08 December 2010

UK public: use aid to promote human rights

Today is the 60th anniversary of the UN-sponsored Human Rights Day.

So its fitting that the UK Public Opinion Monitor (which IDS co-manages and analyses data from) asks, in its latest report, what the UK public thinks about aid and human rights.

The Monitor assesses and analyses what the UK public think of a range of international issues, including international development. It is a panel of UK residents, and the repeat interactions with the respondents allow us to do more serious causal analysis that opinion polls.

The panel were asked "how important should each of the following factors be in deciding how and where the aid budget is spent?"

The options were (and multiple factors could be selected)
  • Benefits to the UK economy
  • Reducing Poverty in poor countries
  • Offsetting the impact of climate change on poor countries
  • Promoting better government in poor countries
  • Historical links with other countries
  • Promoting the UK's influence in the world
  • Promoting economic growth in poor countries
  • Promoting human rights in poor countries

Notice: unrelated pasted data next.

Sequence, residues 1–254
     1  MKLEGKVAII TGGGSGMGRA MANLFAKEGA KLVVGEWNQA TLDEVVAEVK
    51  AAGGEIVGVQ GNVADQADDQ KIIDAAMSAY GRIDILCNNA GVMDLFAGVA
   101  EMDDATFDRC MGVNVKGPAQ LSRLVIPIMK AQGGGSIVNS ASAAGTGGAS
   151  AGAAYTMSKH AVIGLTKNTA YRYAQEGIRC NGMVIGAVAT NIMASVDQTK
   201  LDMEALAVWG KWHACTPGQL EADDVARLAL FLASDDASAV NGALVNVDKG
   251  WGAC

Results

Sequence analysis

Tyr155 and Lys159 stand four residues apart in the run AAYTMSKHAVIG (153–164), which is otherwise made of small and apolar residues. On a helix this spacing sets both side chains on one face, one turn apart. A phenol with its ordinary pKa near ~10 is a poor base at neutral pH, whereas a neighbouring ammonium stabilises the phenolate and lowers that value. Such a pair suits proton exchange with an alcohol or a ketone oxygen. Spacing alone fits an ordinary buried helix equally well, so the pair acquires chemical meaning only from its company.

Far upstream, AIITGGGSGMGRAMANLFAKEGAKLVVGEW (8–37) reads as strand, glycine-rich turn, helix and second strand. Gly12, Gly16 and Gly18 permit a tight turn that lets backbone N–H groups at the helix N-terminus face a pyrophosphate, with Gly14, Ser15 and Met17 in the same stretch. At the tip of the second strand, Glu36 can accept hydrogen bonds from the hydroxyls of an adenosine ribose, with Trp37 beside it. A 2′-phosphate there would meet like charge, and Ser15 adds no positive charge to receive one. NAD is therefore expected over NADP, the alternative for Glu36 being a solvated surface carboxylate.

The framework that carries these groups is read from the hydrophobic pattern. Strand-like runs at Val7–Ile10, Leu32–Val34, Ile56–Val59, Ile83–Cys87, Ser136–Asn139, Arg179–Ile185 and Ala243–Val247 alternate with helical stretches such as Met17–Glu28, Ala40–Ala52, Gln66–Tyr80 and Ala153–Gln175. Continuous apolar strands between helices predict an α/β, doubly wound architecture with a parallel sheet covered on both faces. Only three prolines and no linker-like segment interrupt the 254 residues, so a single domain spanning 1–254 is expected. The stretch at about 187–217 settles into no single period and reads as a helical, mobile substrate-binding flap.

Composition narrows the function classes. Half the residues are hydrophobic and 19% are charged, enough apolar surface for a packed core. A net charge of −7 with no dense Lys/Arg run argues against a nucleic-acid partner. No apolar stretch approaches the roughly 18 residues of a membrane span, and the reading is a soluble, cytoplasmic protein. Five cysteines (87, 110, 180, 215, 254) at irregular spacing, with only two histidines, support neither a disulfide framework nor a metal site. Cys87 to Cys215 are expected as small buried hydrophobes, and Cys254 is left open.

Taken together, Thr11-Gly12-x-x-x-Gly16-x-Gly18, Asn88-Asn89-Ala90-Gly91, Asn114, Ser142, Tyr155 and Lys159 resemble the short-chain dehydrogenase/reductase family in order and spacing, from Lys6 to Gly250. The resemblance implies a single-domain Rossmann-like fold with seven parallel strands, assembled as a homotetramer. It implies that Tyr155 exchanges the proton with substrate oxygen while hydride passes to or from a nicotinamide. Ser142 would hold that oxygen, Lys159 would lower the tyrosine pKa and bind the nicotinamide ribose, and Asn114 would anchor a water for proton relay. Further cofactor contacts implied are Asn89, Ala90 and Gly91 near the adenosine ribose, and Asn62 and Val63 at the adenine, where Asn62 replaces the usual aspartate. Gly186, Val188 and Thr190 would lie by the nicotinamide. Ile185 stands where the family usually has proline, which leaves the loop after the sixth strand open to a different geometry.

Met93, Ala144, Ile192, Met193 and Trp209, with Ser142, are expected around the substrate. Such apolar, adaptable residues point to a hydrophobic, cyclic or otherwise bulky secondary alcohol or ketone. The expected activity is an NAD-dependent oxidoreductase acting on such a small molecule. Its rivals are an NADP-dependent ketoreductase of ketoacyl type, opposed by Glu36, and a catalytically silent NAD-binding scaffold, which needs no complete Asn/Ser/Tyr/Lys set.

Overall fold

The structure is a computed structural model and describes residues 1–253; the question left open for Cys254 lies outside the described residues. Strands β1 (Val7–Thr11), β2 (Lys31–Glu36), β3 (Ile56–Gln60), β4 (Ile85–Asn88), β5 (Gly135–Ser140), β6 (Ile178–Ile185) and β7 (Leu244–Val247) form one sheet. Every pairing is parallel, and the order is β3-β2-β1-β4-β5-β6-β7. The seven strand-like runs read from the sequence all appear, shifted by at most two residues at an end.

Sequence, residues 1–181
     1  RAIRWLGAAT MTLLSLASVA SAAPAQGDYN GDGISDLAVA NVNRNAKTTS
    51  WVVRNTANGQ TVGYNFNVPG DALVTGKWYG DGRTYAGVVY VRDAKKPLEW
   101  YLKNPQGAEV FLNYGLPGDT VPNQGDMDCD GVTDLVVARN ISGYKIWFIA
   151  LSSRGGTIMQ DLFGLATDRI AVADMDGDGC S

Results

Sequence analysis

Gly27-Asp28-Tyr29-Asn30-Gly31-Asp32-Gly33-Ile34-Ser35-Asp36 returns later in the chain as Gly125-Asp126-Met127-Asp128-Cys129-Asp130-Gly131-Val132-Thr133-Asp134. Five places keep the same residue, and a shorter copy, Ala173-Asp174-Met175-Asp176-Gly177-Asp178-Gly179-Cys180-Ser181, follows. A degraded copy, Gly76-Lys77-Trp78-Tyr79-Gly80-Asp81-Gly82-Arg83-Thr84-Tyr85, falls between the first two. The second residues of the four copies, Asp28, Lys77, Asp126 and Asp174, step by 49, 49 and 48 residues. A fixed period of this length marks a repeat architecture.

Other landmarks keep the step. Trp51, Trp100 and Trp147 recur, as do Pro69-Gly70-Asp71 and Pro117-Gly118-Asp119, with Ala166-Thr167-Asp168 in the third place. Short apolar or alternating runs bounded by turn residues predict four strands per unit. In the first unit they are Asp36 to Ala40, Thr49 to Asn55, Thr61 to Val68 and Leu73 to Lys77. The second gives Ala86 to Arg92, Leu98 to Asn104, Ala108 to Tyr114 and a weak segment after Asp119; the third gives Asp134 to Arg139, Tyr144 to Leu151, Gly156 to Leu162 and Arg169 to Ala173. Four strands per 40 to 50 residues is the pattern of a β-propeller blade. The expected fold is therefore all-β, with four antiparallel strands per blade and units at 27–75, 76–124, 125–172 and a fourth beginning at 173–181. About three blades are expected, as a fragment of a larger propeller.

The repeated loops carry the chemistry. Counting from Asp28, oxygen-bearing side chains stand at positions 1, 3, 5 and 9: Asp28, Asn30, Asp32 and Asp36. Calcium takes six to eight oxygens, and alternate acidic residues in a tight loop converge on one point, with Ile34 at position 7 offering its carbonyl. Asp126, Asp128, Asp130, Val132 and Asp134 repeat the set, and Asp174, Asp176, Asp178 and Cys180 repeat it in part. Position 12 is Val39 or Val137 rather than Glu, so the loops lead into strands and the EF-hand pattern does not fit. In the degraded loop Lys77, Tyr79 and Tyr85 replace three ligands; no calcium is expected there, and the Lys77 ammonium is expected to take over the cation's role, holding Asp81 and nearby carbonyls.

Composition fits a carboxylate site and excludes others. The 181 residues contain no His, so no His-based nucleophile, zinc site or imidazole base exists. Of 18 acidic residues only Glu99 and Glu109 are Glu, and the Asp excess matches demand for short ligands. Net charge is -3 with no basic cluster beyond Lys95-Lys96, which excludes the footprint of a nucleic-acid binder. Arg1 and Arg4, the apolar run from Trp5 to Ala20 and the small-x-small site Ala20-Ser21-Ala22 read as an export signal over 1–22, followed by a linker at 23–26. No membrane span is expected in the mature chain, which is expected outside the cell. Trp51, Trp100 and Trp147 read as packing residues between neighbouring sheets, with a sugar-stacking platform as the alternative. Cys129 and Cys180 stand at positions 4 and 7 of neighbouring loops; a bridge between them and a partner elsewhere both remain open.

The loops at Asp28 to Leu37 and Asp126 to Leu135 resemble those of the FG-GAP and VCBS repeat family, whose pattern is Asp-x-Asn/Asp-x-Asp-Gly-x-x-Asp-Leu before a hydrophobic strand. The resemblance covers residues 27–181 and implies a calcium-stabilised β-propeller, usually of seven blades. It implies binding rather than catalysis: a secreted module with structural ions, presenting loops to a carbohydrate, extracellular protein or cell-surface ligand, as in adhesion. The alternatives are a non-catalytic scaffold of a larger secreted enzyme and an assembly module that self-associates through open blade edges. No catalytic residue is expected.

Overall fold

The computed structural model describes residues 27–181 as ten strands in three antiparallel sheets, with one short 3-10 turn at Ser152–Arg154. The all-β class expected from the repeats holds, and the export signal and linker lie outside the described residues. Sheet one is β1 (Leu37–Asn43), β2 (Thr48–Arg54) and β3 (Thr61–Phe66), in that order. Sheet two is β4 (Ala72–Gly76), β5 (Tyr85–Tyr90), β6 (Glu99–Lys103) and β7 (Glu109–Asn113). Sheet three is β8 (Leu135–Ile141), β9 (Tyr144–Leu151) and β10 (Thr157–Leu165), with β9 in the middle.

• Promoting UK security
Each factor could be ranked from very unimportant to very important (including a don't know response)

Promoting human rights came top, with over 84% of the 2700 respondents saying this was important or very important. Reducing poverty in poor countries, promoting better government and promoting economic growth were at almost the same level as this.

With this high level of support for human rights, there was not much difference by age, gender or political affiliation.

What to make of this result? On the one hand, should we be surprised? Who can argue against human rights as a motherhood and apple pie issue, especially when choosing human rights does not crowd out choices about the other factors? Or perhaps the other factors split the non-human rights responses? Also, the previous round of the survey did find that despite severe austerity measures and cuts to public services, more than 6 out of 10 people still thought it morally right for the UK to help developing countries.

Nevertheless, I find 84% a surprisingly proportion (although I don't know why it surprises me--perhaps I am completely out of touch).

But let's say it is real. Beyond rhetoric and box ticking, what might an aid agency do to incorporate human rights more strongly into its core business? Some examples might be:
  • incorporate human rights performance into aid allocation formulas
  • lobby to include performance on human rights as one of the post-2015 MDGs
  • incorporate human rights performance of aid into definitions of aid quality
  • withdraw aid more quickly in the face of widespread rights abuses
More analysis of these tantalising data need to be done to establish causal drivers, but while DFID is thinking hard about how to allocate our aid, this is a timely reminder to not forget about a potential aid recipient's performance on human rights.

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